Currency, Cash Flow and Balance Sheet
There was limited impact of currency movement during the period to revenue, but it was favourable to EBIT by $13.6m. EBIT favorability was due to strengthening of USD against key cost currencies such as MYR and THB combined with benefit of declining EUR vs USD on unrealized profit on stock. FY22 H1 net foreign exchange loss was $0.9m compared to FY21 H1 net foreign exchange loss of $3.7m.
Ansell delivered negative operating cash flows of $22.1m and cash conversion of 59.7% after adjusting for short term incentives and insurance which were paid in H1 but relate to the full year. Operating cash flow was temporarily weaker due to payment of variable employee costs pertaining to FY21. Working capital increased driven by lower payables as a result of timing and lower pricing from outsourced suppliers.
Ansell continues to maintain a strong balance sheet position with conservative gearing profile (net debt/EBITDA of 1.0x). On 19 November 2021, we successfully refinanced our syndicated borrowing facility that was due to mature in June 2023. The new facility provides the business with greater tenor and increased liquidity.
An interim dividend of US24.25¢ (US33.20¢ FY21 H1) per share has been declared. This represents ~40% payout ratio and is consistent with Ansell’s dividend policy. The record date will be 22 February 2022 and the payment date will be 9 March 2022. For non-resident shareholders, the dividend will not attract withholding tax as it is sourced entirely from the Company’s Conduit Foreign Income Account.
Dividend Reinvestment Plan (DRP)
The DRP will be available to resident shareholders of Australia, New Zealand and the United Kingdom with an election cut-off date of 23 February 2022. The pricing period will be based on the trading days commencing 25 February 2022 and ceasing on 3 March 2022. No discount will be available.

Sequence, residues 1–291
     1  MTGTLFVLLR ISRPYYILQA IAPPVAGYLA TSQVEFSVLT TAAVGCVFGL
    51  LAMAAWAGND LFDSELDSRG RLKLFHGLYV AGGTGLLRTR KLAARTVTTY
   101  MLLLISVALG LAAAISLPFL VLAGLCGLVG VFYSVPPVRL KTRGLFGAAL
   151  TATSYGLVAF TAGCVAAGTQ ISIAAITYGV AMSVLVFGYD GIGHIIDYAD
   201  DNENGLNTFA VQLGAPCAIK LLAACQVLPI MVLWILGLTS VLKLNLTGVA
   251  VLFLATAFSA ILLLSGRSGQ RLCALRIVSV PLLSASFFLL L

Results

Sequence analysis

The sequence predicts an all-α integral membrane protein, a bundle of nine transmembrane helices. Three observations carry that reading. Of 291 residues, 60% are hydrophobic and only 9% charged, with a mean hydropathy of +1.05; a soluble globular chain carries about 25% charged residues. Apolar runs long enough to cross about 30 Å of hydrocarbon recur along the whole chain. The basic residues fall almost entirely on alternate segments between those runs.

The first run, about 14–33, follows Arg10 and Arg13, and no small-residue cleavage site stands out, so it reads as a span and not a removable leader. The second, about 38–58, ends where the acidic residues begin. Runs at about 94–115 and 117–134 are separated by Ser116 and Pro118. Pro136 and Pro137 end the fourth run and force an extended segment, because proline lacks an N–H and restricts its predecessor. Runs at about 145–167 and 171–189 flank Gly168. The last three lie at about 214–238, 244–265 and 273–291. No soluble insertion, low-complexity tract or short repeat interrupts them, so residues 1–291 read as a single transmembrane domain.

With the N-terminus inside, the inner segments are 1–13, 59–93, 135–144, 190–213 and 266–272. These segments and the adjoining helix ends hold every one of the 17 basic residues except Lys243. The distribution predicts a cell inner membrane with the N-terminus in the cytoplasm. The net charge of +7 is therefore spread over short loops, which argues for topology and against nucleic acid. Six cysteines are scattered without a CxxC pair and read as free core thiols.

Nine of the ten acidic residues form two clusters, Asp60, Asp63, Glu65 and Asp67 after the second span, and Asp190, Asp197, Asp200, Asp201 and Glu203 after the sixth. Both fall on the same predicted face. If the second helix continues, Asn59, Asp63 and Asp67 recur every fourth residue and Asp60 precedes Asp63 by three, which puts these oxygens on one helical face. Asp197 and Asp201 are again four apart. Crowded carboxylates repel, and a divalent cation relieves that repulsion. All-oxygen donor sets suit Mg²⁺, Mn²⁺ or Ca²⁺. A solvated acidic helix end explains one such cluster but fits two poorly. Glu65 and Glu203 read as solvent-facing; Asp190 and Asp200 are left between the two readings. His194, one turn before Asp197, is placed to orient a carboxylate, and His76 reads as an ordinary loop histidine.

Our updated EPS guidance of 125¢ - 145¢ provided on 31 January 2022, which we maintain today, assumes the following:
- Sales growth H2 vs H1 in Industrial and for Surgical and Life Sciences businesses within HGBU due to higher production output and greater sales in H2 due to seasonality;
- Exam/SU prices expected to continue declining leading to lower sales expectation in H2 vs H1. But prices at end of H2 should remain above pre COVID-19 levels. Outsourced supplier costs also anticipated to continue to reduce. These factors combined with reduced impact from selling higher cost inventory from outsourced suppliers is expected to result in Exam/SU gross profit dollars to be flat or marginally higher in H2;
- Cessation of imports to the US from one of our top 5 outsourced Exam/SU suppliers as a consequence of a Withhold Release Order by U.S. Customs and Border Protection issued on 27 January 2022 on products manufactured by this supplier; and
- Continued disruption in H2 to our manufacturing output due to COVID-19 including the shutdown of one of our facilities in Malaysia for around one week beginning 28 January 2022. Overall, however, we anticipate the adverse impact to costs in H2 from this will be less than the $10m impact seen in H1. We are not assuming any further significant loss of manufacturing output in H2 beyond the effects known to date.